Another benefit of physical games has to do with their resale value. Buying a game, playing through it, and reselling it won’t be possible with the digital-only PS5. Further, as mentioned above, we don’t entirely understand how backward-compatibility is going to work on the PS5 yet, but it may require a physical PS4 disc and the capacity to read it on PS5.
The benefits of physical games can also be impacted by how many different games you’re likely to play in a given time frame. The presale information on PS5 games recommends minimum available storage between 26GB and 66GB per game.
An average of 43.5GB/game on the PS5’s standard memory yields 19 midsize games with no DLC before a Digital Edition owner has to invest in external memory. If you’re a gamer who favors larger games and lots of DLC, that number can go down pretty quickly.
If you’re looking forward to low latency on mainly-online games like Fortnite and Fall Guys, you’re probably in good shape with the Digital Edition. If you can’t wait for fast loading times and immersive visuals in AAA games like the next Assassin’s Creed or Elder Scrolls game, you might want to think about the standard Console Edition.
PlayStation Network Account and PlayStation Plus Requirement
With no disc drive, all games (as well as other media including music, movies, and television) purchased for the PS5 Digital Edition will have to be purchased in digital form, so a PlayStation Network account is the difference between owning a console and a paperweight.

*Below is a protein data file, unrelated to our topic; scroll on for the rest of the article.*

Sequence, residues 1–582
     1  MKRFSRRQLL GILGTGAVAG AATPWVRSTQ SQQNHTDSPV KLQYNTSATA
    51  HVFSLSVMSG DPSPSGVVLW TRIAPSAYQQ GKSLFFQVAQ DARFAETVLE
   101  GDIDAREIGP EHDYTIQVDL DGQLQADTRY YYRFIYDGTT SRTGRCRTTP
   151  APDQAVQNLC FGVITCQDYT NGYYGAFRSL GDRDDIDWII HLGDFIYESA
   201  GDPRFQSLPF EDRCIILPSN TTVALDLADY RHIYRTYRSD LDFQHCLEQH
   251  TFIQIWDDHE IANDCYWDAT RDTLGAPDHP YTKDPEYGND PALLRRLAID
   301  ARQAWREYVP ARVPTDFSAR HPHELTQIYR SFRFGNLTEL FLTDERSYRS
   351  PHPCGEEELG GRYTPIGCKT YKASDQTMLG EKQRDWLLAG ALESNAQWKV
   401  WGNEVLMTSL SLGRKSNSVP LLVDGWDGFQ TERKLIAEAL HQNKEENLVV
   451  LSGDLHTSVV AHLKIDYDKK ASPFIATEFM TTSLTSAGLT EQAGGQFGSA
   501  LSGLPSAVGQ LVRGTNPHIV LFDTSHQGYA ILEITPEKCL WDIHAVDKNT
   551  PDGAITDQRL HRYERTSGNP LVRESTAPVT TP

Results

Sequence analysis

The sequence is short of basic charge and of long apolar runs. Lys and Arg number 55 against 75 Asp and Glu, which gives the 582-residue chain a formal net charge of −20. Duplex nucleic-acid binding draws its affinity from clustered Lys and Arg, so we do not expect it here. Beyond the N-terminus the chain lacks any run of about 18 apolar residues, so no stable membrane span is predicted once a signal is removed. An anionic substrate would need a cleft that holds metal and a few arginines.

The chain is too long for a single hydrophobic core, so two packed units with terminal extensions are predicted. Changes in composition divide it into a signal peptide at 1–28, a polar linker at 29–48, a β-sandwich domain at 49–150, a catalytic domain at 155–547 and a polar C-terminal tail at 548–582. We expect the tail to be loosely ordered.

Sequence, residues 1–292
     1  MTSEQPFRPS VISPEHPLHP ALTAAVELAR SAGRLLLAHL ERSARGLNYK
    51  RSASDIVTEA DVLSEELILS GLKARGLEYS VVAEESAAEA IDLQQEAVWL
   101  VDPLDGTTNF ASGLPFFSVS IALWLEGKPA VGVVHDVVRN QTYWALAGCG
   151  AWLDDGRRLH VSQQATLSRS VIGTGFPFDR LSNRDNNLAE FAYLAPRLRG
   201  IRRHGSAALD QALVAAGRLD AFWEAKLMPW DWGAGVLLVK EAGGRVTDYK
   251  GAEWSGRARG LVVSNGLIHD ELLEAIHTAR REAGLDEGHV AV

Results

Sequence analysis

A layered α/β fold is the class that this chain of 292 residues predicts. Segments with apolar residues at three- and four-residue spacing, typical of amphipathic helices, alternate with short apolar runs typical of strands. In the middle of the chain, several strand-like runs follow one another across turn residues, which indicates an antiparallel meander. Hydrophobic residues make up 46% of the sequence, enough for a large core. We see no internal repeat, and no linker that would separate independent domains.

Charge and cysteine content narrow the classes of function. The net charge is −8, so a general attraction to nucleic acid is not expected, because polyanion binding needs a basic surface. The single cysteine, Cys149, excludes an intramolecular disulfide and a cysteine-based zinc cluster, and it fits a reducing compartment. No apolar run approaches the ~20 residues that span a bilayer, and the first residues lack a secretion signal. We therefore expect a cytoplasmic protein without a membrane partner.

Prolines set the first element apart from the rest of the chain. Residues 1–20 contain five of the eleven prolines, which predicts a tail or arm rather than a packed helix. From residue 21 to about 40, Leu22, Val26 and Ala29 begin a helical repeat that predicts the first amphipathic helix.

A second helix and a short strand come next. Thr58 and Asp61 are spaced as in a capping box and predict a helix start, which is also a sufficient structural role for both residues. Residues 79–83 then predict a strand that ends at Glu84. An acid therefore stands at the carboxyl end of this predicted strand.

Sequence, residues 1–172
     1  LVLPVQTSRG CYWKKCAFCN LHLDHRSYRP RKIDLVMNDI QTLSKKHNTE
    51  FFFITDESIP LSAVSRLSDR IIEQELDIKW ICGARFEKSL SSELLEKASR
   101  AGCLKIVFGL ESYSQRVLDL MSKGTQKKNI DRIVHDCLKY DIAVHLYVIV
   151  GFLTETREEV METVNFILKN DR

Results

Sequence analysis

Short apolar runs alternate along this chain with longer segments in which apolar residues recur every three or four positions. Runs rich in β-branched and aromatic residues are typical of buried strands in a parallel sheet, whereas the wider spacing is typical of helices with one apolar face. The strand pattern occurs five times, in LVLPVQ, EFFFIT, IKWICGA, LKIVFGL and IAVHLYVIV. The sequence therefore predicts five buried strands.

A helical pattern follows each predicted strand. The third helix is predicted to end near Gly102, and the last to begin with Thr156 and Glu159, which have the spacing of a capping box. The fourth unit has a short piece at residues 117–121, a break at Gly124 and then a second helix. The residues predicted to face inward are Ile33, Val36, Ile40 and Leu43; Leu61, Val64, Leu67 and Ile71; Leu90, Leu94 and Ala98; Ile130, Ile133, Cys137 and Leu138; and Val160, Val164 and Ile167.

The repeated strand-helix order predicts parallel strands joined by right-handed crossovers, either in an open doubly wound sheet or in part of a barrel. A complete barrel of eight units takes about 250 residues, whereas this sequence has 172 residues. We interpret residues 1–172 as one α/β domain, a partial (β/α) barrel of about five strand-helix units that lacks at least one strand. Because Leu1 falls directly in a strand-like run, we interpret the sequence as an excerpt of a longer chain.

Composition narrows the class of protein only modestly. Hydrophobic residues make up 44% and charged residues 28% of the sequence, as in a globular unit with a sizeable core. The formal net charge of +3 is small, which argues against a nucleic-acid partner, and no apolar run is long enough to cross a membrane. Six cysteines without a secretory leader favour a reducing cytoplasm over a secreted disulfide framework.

Of course, a PlayStation Network account and PlayStation Plus is still required for the PS5 standard Console Edition if you want to do things like play games online. PlayStation Plus also includes free digital games each month.
Which Model of PS5 Is Right for You?
Which PS5 model is right for you depends principally on how you’re currently using your PS4.
If you mainly play physical copies of games and watch a lot of Blu-rays on your PS4, shelling out the extra $100 for the standard PS5 will allow you to continue playing those titles and watching movies on physical media.
If you primarily use your PS4 for streaming movies, television, music, and mainly play digital copies of games anyway, then the PS5 Digital Edition will give you more of what you want. And it’ll save you some money too.
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PS5 vs. PS5 Digital Edition: Which One Should You Buy?